Attention Deficit Hyperactivity Disorder (ADHD)
What is Attention Deficit Hyperactivity Disorder (ADHD)?
Attention Deficit Hyperactivity Disorder (ADHD), previously known as ADD, is a disorder characterised by difficulty maintaining attention (commonly referred to as inattention), excessive hyperactivity or a combination of both groups of symptoms. A diagnosis will normally indicate if you or your child has inattentive presentation, hyperactive/impulsive presentation or a combination of the two. In both children and adults inattention often manifests as daydreaming, careless mistakes in schoolwork, difficulty organising tasks, losing things necessary for tasks and being forgetful or distractible. Hyperactivity is normally observed as impulsivity, fidgeting, running and climbing, excessive chatter, difficulty in turn taking and waiting for their turn and interrupting conversations and games. It is important to remember that one may show symptoms across hyperactivity and inattention or in only one of them and does not have to show all symptoms listed to be diagnosed as having ADHD and that the symptoms may present differently across different age groups and so may not look exactly the same as expected.
Attention Deficit Hyperactivity Disorder (ADHD) in children normally appears before age 7 although the symptoms are often only recognised once a child is in school and expected to maintain attention and sit still for longer periods of time than before. Despite this research has shown that children as young as 4 can be diagnosed if symptoms are noticed. Between 4 and 5 most children tend to be active and impulsive, thus recognising the symptoms can be more difficult, however children with ADHD at this age, especially hyperactive presentation, can have a hard time sitting still for even a few minutes and find waiting their turn difficult and will thus yell out answers and push in lines when other children would not. It is not their hyper or impulsive behaviour which sets them apart from their peers, but the degree and frequency with which they engage in such behaviours. At age 6 to 7 schooling normally becomes more formal and children with ADHD show more signs of having difficulty keeping up with the expectations of their children in their class. At this point the inattentive type symptoms may become more pronounced. It is important to compare children across the same age group as opposed to grade level to determine if there is excessive hyperactivity or inattentiveness, as there can be over a year difference between children in the same grade and so differences observed may be due to maturity as opposed to Attention Deficit Hyperactivity Disorder (ADHD). At this age already, it is important to know is that children do not outgrow Attention Deficit Hyperactivity Disorder (ADHD) and these symptoms continue into adulthood, although they may present differently. This means that one should not wait for symptoms to disappear on their own or hope that your child will outgrow them but should rather intervene as soon as possible as early intervention can help your child learn to self-manage sooner and allows for best learning opportunities throughout school.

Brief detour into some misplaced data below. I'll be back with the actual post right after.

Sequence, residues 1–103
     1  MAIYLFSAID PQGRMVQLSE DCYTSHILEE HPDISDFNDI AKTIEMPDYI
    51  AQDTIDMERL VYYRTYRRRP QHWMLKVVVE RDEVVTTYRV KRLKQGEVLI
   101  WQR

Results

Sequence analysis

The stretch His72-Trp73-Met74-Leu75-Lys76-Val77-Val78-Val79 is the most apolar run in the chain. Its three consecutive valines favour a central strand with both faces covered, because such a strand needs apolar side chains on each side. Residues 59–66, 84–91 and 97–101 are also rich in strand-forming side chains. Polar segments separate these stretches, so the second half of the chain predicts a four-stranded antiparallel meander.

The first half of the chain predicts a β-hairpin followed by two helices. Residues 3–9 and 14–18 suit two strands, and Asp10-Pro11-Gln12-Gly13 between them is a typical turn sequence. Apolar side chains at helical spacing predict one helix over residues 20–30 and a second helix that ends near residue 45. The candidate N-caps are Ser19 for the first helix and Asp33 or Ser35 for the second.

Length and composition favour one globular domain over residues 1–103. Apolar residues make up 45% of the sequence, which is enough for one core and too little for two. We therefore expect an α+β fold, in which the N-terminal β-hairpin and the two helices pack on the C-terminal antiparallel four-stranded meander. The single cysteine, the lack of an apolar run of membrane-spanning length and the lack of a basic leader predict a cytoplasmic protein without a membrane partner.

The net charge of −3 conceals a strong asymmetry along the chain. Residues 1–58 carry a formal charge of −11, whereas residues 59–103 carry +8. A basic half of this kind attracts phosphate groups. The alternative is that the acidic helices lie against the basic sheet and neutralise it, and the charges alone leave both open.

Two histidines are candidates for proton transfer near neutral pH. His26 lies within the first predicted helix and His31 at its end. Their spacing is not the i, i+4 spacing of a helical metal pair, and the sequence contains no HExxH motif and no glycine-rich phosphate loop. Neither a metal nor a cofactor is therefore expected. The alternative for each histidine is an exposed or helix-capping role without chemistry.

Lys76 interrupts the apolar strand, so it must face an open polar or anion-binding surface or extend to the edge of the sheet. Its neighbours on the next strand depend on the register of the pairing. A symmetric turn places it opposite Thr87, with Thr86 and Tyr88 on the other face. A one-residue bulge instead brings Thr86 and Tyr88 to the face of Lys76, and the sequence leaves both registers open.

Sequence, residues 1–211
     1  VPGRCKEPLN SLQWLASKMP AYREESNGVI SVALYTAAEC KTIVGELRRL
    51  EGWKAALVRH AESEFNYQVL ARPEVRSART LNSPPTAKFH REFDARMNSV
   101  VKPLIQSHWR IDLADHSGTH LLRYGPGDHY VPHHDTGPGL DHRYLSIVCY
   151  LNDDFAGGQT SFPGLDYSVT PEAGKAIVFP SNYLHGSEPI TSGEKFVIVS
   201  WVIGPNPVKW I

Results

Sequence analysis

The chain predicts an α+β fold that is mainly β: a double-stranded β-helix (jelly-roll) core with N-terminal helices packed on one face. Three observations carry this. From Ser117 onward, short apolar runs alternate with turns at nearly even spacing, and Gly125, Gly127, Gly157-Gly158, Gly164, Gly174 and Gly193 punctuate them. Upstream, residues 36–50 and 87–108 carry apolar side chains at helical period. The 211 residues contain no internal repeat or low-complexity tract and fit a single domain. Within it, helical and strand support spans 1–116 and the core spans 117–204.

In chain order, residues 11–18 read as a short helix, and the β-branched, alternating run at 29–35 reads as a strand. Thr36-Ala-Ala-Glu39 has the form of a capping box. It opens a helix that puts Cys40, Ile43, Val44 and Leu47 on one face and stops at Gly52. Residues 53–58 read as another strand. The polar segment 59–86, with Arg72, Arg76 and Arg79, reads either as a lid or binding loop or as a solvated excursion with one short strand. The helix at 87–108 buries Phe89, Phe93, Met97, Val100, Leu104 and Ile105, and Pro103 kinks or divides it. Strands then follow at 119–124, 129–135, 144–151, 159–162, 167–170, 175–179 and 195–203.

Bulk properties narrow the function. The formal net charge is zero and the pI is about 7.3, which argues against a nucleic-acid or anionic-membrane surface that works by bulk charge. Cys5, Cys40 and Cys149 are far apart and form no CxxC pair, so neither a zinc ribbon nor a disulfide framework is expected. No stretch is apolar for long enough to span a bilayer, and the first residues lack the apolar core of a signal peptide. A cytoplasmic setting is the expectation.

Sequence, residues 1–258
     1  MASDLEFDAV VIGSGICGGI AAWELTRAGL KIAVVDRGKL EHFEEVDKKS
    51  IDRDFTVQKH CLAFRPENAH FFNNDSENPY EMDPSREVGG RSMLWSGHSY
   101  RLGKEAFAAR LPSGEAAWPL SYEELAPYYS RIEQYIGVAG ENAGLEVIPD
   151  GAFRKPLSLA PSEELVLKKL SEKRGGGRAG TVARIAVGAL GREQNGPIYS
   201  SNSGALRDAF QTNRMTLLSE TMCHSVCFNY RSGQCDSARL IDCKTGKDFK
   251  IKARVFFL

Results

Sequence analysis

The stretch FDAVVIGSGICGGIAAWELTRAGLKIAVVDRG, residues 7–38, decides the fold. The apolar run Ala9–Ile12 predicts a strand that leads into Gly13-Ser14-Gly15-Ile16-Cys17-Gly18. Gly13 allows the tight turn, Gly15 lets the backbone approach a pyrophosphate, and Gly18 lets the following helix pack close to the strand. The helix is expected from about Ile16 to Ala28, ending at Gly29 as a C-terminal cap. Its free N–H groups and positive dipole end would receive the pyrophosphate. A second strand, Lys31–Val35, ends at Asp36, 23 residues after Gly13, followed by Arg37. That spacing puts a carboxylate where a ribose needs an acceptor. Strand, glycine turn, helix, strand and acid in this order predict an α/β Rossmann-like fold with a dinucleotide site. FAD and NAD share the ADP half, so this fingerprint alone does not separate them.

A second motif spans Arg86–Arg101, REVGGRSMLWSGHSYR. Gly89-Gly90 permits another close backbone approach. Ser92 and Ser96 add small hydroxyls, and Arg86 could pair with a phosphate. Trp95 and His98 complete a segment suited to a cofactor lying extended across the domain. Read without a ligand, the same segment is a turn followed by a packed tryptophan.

Diagnosis of Attention Deficit Hyperactivity Disorder (ADHD)
To be formally diagnosed the symptoms of Attention Deficit Hyperactivity Disorder (ADHD) must be present across more than one setting (school, home, work) however behaviour problems in school are frequently the reason a parent may seek help. Those children who exhibit hyperactivity and impulsiveness especially can be disruptive in a class room setting with behaviours such as standing up frequently, blurting out answers and frequent talking leading to compromised school performance as well as compromising the working environment for other children in their class. Furthermore, many children who are diagnosed with Attention Deficit Hyperactivity Disorder (ADHD) are also diagnosed with emotional regulatory problems which can include but are not limited to anxiety, panic attacks, difficulty controlling anger, OCD and even depression. With treatment and increased structure at both school and home, Attention Deficit Hyperactivity Disorder (ADHD) and associated emotional and behavioural problems can be managed and interventions put in place which can reduce symptoms as well as help your child overcome them.
Learning Difficulties and Attention Deficit Hyperactivity Disorder (ADHD)
Learning difficulties could also be an indicator of Attention Deficit Hyperactivity Disorder (ADHD) due to difficulty sustaining attention to instructions or work, difficulty completing tasks or difficulty sitting for extended periods of time. This does not necessarily mean that your child is not capable or smart enough to do the work, however it may need to be presented in a different way and your child may need extra support and treatment to help them learn to manage their behaviour and recognise their own needs as well. Other learning difficulties such as dyslexia and auditory processing disorder are also often diagnosed along with Attention Deficit Hyperactivity Disorder (ADHD) which can explain why a simple intervention such as medication is not showing the expected improvement in academic performance. A child who is only diagnosed or who only receives intervention when they are older may also need extra attention given to fill in gaps in academic, behavioural and even social skills. It is for this reason that it is recommended that intervention be implemented as early as possible, and that in the event of later intervention, or indeed any intervention, treatment is given across an array of domains including academic, social and behavioural.